Global Impact of Transportation




Global Impact of Transportation

The changing numbers are just since you’ve been on this page!

Truck Locator

We all take transportation for granted whether it’s driving our car to work; flying to a favourite holiday destination; or waiting for that new television to be delivered from the other side of the world by cargo ship.

While transportation offers us many benefits, these come at a price. Truck Locator has compiled just a few of the statistics which show the substantial impact transportation has on a global scale.


Climate change is high on the agenda of many governments and scientists as it is becoming ever clearer that our planet is warming. This has led to more extremes of weather including fiercer storms and larger areas of drought. A clear sign of global warming is the gradual disappearance of the polar ice caps, which according to NASA are melting at a rate of 9% per year. In 2002 a huge part of the Larsen B ice shelf, which forms part of Antarctica, collapsed. This means that since the mid-1990s the area has lost over 40% of its mass.

Transportation, undoubtedly, is making a contribution to the greenhouse gases which are causing global warming. Gases such as methane, carbon and nitrous oxide build up and prevent heat from escaping the atmosphere and thus we see an increase in the temperature of the planet. 13% of global carbon dioxide comes from cars, trucks, aeroplanes and shipping and in the last two decades emissions from transportation has increased by 45%.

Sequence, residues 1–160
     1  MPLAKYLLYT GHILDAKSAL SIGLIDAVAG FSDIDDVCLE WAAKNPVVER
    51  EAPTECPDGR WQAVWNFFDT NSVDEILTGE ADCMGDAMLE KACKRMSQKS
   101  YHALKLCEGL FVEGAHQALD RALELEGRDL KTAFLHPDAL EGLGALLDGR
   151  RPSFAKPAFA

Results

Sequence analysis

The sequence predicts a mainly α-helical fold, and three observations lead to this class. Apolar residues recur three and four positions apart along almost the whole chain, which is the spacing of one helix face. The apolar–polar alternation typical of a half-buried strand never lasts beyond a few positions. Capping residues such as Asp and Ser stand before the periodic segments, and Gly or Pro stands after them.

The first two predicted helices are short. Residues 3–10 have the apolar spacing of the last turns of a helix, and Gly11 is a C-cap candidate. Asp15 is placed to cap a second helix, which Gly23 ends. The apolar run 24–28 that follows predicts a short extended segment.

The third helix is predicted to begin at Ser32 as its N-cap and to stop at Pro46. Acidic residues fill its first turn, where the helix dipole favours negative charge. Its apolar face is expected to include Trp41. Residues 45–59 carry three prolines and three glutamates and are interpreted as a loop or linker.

Transportation contributes to air pollution and with millions of deaths and hundreds of healthy years lost to its devastating effects, air quality is something which needs to be addressed. Governments around the world have made in-roads by introducing legislation to reduce vehicle emissions. However, the recent emissions scandal demonstrates that we may not have made as much progress forward as we had hoped.


Transportation also has a cost in terms of human life. There are over 1.2 million road deaths globally every year and it’s not just drivers who are involved. 27% of fatalities are pedestrians and 5% are cyclists. While safety improvements are constantly being implemented, for both vehicle and other road users, it is not possible to protect people entirely, especially when human error is incorporated. A new evolution of car, driven by computer, is on its way and maybe these will go some way towards improving safety. It will certainly eradicate those mistakes made by drivers such as speeding; driving too close to the vehicle in front; or being distracted by a call or texting.


None of us wants to revert to a world where travel is limited or only available to the select few. Therefore we all need to play our own part in making transport more eco-friendly. The first step is to minimise unnecessary travel and to make as many journeys as possible by foot, bicycle or public transport.

Oil reserves are diminishing and thus many of us will need to consider new types of vehicle. Hybrid models and electric cars are increasing in popularity and as the network of recharging points is expanded across many countries, driving an electric vehicle will become more viable.

Industry also needs to play a part and there is research being carried out on new fuels that potentially have value for road vehicles, aeroplanes and shipping. These changes cannot come quickly enough as we are still unsure whether there is time to reverse the damage we have wreaked on the planet in terms of global warming. Only time will tell, but in the meantime it is important we all make changes, however small, towards using more green modes of transport.